He is 19 I am 17.
I never once touched him, he slapped me, head butted me, and kneed me to the face. I never laid a hand on him .He got expelled basically but lives close to me. He told me on FB he was going to hit me, and threatened to destroy my property before. This user is an habitual user of steroids, weed, has a fake ID, and other drugs. He bullied me real life in online. I am charging him for Assullt & battery. I'm a minor he isn't. Cyber bullying, and real bullying. Harassment. Threatening my life and my property.
If the question is how you go about pressing charges, you would need to inform the police of the facts and your intention to press charges. They will then work with the state attorney to decide whether, in fact, there will be a criminal prosecution. You do NOT get to decide whether there is a criminal prosecution, but your stated intent to press charges may have influence on whether the state attorney has an interest in prosecuting.
You also may be able to sue for damages incurred, if any, due to the assault, battery, infliction of emotional distress, etc.
The information provided in this and other answers on Avvo are general in nature and limited to the facts as stated. The information provided in this and other answers on Avvo should not be construed as legal advice on which the reader relies without further consultation with an attorney. No attorney-client relationship is created on Avvo question & answer forums. This attorney is licensed and admitted to practice law in the State of Florida only.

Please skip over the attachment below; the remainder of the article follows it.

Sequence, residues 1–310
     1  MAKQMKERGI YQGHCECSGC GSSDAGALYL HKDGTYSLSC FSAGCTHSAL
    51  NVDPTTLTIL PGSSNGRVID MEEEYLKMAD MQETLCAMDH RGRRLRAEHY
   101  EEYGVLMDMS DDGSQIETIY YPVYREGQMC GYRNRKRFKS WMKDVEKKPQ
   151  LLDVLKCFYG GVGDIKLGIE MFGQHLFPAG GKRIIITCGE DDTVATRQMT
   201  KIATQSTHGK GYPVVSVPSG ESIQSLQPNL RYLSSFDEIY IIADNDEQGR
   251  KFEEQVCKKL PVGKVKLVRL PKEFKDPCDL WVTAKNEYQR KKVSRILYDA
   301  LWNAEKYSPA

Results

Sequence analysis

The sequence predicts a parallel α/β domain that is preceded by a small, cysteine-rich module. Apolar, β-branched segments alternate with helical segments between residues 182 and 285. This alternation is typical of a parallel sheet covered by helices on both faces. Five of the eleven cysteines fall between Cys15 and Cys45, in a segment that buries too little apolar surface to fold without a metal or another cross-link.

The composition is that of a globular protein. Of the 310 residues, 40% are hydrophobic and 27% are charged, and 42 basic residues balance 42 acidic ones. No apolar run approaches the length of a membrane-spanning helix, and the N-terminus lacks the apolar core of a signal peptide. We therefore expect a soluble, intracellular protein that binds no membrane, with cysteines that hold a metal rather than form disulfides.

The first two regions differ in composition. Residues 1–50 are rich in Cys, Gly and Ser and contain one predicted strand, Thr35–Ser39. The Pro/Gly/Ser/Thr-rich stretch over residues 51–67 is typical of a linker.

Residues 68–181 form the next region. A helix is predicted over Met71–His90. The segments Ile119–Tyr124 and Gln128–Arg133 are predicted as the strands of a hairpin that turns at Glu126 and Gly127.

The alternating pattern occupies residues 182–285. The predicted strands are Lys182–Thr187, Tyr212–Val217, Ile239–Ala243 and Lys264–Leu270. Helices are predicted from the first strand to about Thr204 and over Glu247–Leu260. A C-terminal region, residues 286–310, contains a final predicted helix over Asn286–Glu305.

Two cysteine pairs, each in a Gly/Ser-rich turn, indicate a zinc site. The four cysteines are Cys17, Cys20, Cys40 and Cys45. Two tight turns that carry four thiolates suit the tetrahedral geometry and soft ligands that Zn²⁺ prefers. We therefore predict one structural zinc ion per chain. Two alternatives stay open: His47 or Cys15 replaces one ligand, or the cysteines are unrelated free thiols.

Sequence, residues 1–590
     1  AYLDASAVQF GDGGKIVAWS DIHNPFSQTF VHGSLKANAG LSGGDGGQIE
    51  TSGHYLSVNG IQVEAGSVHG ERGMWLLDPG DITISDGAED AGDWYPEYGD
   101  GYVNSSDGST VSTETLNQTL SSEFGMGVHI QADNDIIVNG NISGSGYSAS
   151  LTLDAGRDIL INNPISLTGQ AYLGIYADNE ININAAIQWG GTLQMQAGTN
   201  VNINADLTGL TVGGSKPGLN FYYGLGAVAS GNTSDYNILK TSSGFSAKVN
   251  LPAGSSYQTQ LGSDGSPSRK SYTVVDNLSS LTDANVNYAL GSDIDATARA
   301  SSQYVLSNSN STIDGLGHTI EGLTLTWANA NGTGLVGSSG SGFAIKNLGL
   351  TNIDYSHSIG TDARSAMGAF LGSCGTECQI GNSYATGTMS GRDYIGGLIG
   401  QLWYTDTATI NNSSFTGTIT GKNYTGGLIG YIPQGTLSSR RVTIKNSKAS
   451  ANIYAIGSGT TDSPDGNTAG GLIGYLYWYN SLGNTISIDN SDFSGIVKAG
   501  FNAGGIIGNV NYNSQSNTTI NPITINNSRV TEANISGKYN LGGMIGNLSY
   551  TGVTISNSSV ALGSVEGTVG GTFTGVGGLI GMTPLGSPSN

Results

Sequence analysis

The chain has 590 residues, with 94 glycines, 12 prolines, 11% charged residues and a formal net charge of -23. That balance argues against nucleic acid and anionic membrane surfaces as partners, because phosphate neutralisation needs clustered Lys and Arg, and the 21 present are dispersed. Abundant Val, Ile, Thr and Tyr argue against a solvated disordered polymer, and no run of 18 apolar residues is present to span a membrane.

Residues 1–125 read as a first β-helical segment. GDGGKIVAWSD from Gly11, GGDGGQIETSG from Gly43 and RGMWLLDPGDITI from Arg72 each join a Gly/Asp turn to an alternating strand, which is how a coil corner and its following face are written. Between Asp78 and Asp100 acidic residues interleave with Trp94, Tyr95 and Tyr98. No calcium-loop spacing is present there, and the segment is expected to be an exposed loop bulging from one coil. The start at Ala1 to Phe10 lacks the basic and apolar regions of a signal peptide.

2 lawyers agree
Unlike civil litigation, in criminal litigation lawsuits are not filed by individuals. You can, as the attorney above stated, speak with the police and later work with the state attorney on any charges they decide to bring. However, what the state attorney decides is legally justified is what will might be charged with. He may also only be charged with offenses that the State Attorney believes he can prove. And by the end of the case, some of the charges may be dropped that you may feel are still justified. It may even be part of a plea bargain that the state attorney suggests.
I understand that you are both frightened and angry at what he has done. I understand that you want him to be punished for his transgressions. And if the state attorney files the case, he may be. But in the calculus of criminal law, the results are much less about vindicating a victim's sense of injustice than about legal matters: What he did, what the police did in collecting evidence, and what can be proven beyond a reasonable doubt.
So, if you feel he has harmed you and broken the law, feel free to go to the police and press charges. But do not expect that the state attorney's job is dependent upon satisfying your sense of justice. Your personal feelings as the victim are not what will rule the day in sentencing. Your personal feelings may assist with the state attorney's job, but ultimately, what happens is is in the hands of the state attorney, the defense attorney, the judge and the jury.
This posting is for informational purposes only. Answering this question does not constitute forming a lawyer/client relationship. For more complete advice, specialized to your situation and locality, consult a lawyer from that state.